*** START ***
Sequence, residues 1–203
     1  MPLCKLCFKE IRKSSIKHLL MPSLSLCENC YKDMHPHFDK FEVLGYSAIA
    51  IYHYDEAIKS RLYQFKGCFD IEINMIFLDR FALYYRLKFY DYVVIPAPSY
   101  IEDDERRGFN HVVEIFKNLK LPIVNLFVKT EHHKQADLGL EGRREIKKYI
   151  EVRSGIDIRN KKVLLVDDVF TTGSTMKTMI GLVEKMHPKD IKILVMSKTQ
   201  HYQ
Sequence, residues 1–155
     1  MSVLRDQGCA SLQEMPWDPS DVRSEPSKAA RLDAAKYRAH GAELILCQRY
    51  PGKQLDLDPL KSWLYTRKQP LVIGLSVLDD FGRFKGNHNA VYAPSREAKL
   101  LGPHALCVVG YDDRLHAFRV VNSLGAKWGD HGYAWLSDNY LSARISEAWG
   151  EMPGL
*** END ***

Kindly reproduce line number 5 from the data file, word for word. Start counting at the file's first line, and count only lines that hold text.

   151  EVRSGIDIRN KKVLLVDDVF TTGSTMKTMI GLVEKMHPKD IKILVMSKTQ